Every drill bit counts

Every drill bit counts
A drilling spindle used in industrial manufacturing: Using smart tools for Industrie 4.0, processes can be optimized autonomously. Credit: Fraunhofer IMS

Currently, factories work on a principle of "one size fits all" when it comes to replacing or regrinding tools such as drill bits, milling machines or planes after a specified period of time – whether they need it or not. Not only does this unnecessarily increase the time spent on maintenance, it is expensive, too. In the "Cute Machining" project, researchers from the Fraunhofer Institute for Microelectronic Circuits and Systems IMS in Duisburg are working on the issue by creating individual tool "service records" and employing a new communication technology that uses RFID tags. The aim is to optimize productivity, quality, throughput time and inventory in the manufacturing operations of the Industrie 4.0 era.

Machining is a core element of the manufacturing process, whether it's drilling, milling, turning or planing. Not only the workpiece sheds material, however: these processes also lead to gradual wear on the tool. The decision on when to have a tool replaced or reground depends on its service life. This is far from easy to determine, however, on account of the differing circumstances to which each individual tool is exposed. A tool's properties are easy enough to calculate, but the impact of machine settings, which are usually left to the employee, has been unquantifiable to date. As a result, a tool's service life can vary by around 25 percent. In a bid to avoid downtime and damage to workpieces, tools often end up being exchanged too early – and this can push costs up by as much as 50 percent.

RFID tags enable uninterrupted operations

The key to success – and more tool productivity – is to be able to determine each individual tool's maximum possible service life. This means factoring in a range of parameters, including the nature of the cutting operation, employee settings and the workpiece material. The solution is to create an individual tool service record that details every event in the time a tool has been in service. This data is then fed into a special management tool to create a digital twin of the tool, which lets users determine exactly when a tool must be serviced or replaced. But how to get the data from the tool to the management tool? Manual reading is not an option. Not only would it disrupt operations, but tools are often located in hard-to-access areas. On top of this, the surroundings tend to be highly metallic and therefore disruptive of conventional communication techniques, ruling these out.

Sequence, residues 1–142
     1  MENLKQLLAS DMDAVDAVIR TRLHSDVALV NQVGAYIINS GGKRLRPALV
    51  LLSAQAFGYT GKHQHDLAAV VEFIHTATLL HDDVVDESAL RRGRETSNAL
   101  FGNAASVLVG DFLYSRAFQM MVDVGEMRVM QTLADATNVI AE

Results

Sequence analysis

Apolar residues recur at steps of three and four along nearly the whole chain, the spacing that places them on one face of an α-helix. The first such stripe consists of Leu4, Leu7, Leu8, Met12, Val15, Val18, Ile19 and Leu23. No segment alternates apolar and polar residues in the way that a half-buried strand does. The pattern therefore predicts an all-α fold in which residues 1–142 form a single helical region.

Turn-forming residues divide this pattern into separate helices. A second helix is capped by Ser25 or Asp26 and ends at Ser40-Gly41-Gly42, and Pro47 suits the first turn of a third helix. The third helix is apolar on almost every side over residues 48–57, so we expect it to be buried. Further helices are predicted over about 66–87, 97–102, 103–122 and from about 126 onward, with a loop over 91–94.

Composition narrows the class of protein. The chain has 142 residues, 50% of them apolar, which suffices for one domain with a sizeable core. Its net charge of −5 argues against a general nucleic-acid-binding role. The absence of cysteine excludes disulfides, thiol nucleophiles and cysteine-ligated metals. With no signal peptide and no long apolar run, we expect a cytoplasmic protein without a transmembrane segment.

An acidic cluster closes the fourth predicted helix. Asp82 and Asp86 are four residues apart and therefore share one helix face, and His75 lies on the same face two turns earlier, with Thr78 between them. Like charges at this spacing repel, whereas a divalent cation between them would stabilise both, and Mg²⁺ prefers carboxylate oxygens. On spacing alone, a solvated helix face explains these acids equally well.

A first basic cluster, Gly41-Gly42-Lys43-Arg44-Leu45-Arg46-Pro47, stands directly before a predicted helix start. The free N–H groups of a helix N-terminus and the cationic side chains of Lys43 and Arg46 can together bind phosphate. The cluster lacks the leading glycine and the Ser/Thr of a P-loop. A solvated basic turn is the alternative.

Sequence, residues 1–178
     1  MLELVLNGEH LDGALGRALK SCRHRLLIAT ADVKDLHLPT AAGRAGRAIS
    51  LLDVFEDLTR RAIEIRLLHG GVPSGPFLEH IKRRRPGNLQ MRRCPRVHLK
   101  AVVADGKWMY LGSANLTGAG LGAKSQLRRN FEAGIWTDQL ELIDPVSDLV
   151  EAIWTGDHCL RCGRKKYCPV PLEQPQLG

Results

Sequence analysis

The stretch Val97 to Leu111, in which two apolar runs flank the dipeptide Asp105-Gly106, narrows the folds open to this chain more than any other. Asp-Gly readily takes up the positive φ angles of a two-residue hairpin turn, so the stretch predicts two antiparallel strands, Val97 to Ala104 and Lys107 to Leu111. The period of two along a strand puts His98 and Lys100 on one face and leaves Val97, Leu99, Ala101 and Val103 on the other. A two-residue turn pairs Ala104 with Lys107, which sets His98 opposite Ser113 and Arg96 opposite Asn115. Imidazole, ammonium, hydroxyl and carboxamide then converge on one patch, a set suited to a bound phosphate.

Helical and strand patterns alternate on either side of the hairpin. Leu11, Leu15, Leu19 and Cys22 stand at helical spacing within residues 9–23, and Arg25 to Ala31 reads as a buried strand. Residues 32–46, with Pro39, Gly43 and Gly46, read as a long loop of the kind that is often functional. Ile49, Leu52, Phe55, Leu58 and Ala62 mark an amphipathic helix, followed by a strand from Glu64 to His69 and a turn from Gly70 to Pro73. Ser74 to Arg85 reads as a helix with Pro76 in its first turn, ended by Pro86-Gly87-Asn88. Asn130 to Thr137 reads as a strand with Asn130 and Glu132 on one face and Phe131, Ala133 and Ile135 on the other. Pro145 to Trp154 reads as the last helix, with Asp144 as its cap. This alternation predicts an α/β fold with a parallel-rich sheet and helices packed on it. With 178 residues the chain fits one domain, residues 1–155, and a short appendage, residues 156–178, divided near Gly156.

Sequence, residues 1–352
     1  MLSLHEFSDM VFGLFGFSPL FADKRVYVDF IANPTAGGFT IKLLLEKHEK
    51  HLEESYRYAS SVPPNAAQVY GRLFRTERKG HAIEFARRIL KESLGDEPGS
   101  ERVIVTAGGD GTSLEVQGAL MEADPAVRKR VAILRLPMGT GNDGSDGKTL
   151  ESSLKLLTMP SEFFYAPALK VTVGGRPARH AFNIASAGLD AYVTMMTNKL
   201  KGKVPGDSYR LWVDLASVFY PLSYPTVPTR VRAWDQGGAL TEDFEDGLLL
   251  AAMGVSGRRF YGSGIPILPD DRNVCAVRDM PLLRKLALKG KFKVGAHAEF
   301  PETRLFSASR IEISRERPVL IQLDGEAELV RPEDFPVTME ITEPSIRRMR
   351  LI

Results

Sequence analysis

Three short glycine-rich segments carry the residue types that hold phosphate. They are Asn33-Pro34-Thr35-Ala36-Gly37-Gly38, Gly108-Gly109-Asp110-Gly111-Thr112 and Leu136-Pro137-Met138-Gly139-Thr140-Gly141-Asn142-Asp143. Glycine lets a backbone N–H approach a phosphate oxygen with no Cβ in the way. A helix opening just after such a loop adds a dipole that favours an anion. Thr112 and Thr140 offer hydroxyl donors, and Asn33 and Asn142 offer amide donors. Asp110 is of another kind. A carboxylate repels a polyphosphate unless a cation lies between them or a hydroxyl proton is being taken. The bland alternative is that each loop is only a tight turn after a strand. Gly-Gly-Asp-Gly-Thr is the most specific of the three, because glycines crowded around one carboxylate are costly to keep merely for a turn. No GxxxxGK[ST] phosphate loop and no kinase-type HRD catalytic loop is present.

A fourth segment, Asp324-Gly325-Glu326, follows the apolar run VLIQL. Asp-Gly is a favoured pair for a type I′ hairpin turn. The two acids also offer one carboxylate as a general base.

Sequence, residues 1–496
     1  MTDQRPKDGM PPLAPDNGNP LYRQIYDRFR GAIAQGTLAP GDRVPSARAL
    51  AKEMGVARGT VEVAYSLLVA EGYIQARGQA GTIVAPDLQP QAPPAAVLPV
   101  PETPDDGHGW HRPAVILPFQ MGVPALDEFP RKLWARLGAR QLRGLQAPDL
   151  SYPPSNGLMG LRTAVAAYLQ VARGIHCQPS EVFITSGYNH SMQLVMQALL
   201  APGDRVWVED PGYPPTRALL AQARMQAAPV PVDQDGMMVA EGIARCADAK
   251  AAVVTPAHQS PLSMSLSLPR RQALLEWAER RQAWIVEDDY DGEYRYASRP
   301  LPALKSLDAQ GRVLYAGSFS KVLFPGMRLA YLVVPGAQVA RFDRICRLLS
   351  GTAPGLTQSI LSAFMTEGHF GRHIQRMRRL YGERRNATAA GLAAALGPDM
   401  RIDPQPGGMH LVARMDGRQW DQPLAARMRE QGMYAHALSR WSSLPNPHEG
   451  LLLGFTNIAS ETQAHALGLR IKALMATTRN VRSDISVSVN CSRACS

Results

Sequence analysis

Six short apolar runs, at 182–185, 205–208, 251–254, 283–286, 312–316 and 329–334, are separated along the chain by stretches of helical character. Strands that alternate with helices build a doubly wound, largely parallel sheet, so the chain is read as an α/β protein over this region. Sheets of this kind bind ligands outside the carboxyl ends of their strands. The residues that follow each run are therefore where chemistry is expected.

In response, researchers at Fraunhofer IMS have developed a new RFID technology. The new transponders operate at a frequency of 5.8 GHz and can be read from up to a meter away even in the tricky metallic environment of a production plant. This allows for effective communication between tools and the management database. Since the RFID transponders take up an area of less than 5 mm2, they can be easily installed on tools' surfaces.

New applications for Industrie 4.0

For companies embracing the era of Industrie 4.0, the technology goes beyond making maximum use of their tools. "A big part of Industrie 4.0 is how it collects data to facilitate a production process as transparent as possible. That's exactly what we're doing with this new solution," says Dr. Gerd vom Bögel, head of the Wireless & Transponder Systems business unit at Fraunhofer IMS. "Of course, the first step is to identify the tool, but as the project continues the sensors could also be used to provide information about a tool's environment as well as about the itself. That's what makes it possible to monitor processes in real time, make them more transparent and, ultimately, more effective."

What is more, the technology could also be employed in other areas of Industrie 4.0. One option would be to equip all physical assets, including tools, workpieces, machines or vehicles, with RFID tags – thereby providing even more information. This could then be used to identify further potential for optimization.

In addition to Fraunhofer IMS, the project consortium comprises the technology companies CIMSOURCE GmbH and PROMETEC Gesellschaft für Produktions-, Mess- und Automatisierungstechnik mbH, ID4us GmbH, the Heinz Nixdorf Institute of the University of Paderborn and the application partner Sandvik Coromant. The "Cute Machining" project is supported by the German state government of North Rhine-Westphalia and the EU as part of the "EFRE-NRW" program.

Citation: Every drill bit counts (2017, June 9) retrieved 24 April 2024 from https://phys.org/news/2017-06-drill-bit.html
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